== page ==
FBI: Hoover's Political Spying for Presidents

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The vast fortress-like building on Pennsylvania Avenue has been criticized as an architectural disaster and a shocking waste of public funds ($126 million). Now the name, cast in bronze, begins to be something of an embarrassment in a democratic capital: the J. Edgar Hoover Building.

The Senate select committee on intelligence activities last week filled out the dismaying record of Hoover's eagerness to curry favor with Presidents by using agents of the Federal Bureau of Investigation to gather political information. The committee staffs report shows that Hoover willingly complied with improper requests from Presidents Franklin Roosevelt, John Kennedy, Lyndon Johnson and Richard Nixon. He gratuitously offered political intelligence to Presidents Dwight Eisenhower and Harry Truman, but both seemed unimpressed.

In all these services, offered or actually performed, there was also the implicit signal that Hoover could find out almost anything and even Presidents should handle him with care. He ran the agency for 48 years and was seven years beyond the mandatory federal retirement age when he died in office on May 2,1972.

Based on seven months of staff investigation, the Senate report offers a bit of bitter justice to Richard Nixon. Among the Watergate revelations that undid him were his Administration's use of the FBI to wiretap Administration officials and newsmen, and his forestalling, for a time, the FBI investigation of the bugging of Democratic National Committee headquarters. The Senate committee reports that precedents for abuse of the agency were firmly established by Hoover under Democrats F.D.R., L.B.J. and J.F.K. Some of the examples of improprieties:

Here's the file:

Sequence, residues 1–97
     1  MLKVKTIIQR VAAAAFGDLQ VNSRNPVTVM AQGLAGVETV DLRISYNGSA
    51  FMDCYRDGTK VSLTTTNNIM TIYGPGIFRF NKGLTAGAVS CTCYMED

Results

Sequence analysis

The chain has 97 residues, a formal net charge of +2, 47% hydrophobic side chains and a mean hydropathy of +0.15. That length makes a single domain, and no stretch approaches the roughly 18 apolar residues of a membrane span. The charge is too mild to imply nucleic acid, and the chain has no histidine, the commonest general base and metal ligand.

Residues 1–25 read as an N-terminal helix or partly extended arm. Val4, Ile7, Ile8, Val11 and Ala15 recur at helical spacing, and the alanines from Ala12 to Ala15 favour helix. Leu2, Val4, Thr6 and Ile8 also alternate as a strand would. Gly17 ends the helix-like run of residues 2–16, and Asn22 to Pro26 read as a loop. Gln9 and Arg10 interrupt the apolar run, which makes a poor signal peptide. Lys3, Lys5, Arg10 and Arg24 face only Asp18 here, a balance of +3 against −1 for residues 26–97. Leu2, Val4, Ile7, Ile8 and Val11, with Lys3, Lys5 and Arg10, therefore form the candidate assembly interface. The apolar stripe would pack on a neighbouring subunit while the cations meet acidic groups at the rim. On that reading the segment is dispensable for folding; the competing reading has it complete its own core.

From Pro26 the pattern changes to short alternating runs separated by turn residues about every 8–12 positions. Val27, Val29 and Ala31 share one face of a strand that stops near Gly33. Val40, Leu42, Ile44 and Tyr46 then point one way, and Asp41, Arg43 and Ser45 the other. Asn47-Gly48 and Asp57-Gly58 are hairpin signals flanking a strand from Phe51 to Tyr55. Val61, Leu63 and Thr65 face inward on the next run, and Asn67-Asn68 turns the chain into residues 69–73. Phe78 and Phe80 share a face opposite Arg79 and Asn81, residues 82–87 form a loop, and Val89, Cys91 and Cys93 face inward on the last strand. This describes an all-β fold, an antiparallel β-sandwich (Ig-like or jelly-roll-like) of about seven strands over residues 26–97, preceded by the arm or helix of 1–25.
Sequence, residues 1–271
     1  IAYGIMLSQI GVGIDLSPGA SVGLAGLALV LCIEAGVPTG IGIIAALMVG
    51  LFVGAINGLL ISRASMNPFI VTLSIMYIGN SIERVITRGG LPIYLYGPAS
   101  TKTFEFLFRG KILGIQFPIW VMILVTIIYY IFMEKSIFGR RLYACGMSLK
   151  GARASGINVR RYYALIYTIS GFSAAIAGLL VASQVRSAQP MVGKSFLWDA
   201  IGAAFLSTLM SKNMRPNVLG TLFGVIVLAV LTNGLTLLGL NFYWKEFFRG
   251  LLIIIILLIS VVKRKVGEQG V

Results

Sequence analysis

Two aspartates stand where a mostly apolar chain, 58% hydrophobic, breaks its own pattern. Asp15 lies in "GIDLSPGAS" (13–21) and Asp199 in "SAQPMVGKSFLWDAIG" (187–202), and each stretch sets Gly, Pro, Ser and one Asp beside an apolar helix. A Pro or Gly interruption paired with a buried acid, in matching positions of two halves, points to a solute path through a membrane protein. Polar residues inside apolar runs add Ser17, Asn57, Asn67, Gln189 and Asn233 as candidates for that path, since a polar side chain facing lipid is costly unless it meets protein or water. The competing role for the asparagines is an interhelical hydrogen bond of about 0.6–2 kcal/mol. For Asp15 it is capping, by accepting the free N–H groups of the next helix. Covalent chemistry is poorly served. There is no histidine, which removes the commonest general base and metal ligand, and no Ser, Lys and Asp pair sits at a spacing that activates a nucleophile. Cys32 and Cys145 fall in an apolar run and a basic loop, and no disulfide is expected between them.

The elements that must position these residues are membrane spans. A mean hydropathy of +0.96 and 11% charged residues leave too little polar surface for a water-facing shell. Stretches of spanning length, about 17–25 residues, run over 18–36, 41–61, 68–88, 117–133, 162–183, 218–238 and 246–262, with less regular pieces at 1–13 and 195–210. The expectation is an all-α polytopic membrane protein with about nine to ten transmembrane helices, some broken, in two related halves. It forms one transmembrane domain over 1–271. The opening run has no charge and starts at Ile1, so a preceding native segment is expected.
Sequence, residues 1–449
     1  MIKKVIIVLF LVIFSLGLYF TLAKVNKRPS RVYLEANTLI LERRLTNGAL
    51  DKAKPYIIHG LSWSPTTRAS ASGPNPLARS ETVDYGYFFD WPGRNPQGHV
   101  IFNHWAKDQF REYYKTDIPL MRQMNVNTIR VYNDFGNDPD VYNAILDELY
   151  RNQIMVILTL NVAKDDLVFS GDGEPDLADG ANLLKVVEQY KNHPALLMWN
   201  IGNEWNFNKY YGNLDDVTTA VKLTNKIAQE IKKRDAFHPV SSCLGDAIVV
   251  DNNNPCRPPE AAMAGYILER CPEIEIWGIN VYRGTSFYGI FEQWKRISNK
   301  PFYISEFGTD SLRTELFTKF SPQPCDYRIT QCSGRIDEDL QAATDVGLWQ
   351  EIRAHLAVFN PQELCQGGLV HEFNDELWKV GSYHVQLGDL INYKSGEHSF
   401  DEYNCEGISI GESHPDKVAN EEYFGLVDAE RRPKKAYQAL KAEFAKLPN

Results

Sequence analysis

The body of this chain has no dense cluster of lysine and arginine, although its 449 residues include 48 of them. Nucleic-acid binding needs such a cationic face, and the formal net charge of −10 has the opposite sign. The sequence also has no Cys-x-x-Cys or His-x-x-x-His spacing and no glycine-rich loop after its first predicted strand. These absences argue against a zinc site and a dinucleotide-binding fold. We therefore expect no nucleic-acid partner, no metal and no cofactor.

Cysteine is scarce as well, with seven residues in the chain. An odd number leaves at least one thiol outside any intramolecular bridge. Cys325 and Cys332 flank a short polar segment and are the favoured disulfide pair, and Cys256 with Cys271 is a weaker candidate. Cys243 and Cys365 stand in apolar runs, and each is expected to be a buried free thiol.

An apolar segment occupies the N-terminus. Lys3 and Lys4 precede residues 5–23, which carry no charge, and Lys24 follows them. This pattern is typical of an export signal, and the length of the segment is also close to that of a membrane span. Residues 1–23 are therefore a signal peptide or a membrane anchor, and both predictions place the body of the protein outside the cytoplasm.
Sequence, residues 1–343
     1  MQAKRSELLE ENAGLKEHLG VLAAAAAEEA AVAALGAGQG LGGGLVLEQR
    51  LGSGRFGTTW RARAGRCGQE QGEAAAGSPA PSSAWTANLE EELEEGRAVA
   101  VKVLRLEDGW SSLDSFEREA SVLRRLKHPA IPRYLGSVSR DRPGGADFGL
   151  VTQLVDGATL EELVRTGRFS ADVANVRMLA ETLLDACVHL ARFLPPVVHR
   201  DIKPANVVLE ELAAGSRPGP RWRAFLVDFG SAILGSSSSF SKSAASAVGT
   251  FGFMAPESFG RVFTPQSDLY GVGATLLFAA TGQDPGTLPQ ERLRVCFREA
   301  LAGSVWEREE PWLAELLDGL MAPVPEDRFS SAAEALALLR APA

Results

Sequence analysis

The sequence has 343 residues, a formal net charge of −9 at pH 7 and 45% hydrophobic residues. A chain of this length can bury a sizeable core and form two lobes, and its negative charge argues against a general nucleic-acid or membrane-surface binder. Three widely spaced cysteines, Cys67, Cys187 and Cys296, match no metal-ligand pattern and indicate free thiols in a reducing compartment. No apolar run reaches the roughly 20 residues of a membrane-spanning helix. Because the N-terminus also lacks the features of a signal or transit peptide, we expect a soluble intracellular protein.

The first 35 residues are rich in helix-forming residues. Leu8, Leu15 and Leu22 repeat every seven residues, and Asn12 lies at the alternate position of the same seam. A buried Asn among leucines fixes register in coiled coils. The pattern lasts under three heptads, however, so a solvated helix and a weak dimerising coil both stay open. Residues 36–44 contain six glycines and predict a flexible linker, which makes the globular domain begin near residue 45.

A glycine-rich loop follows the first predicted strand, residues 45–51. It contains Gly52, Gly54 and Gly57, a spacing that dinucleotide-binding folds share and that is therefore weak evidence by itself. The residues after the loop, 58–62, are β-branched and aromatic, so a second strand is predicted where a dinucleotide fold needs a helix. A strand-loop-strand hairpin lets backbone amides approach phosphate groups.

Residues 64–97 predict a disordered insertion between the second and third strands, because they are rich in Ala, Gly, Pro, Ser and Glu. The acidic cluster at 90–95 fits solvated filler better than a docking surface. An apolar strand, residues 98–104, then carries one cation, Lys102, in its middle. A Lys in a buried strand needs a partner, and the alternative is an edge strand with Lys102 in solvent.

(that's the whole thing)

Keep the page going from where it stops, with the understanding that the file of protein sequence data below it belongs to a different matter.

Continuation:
ROOSEVELT. After giving a speech on national defense in 1940, F.D.R. had his press secretary, Stephen Early, send Hoover the names of 128 people who had sent telegrams to the White House criticizing the address. "The President thought you might like to look them over," Early's note gently instructed Hoover. The FBI director had each name checked out in the FBI'S Washington files and the appropriate field office. This "name check" process retrieved any material, no matter how flimsy, that the FBI had on a person. If there was none, a file was opened on each such critic. Roosevelt ordered the FBI to put taps on the home telephones of three or four of his closest advisers, including Harry Hopkins. F.D.R. suspected that Hopkins' wife was passing anti-Administration information to the receptive Washington Times-Herald.

TRUMAN. When Truman's military aide, Brigadier General Harry Vaughan, picked up transcripts of some of the Roosevelt wiretaps from the FBI in 1945 and showed them to Truman, the President snapped: "I don't have time for that foolishness!" But Hoover kept sending unsolicited "personal and confidential" memos to the Truman White House on political matters, such as the claim that a Communist sympathizer was helping a certain Senator write a speech, that a sugar scandal might break and embarrass Democratic officials, that Newsweek was planning a foreign espionage story. There was no evidence that Truman was interested.

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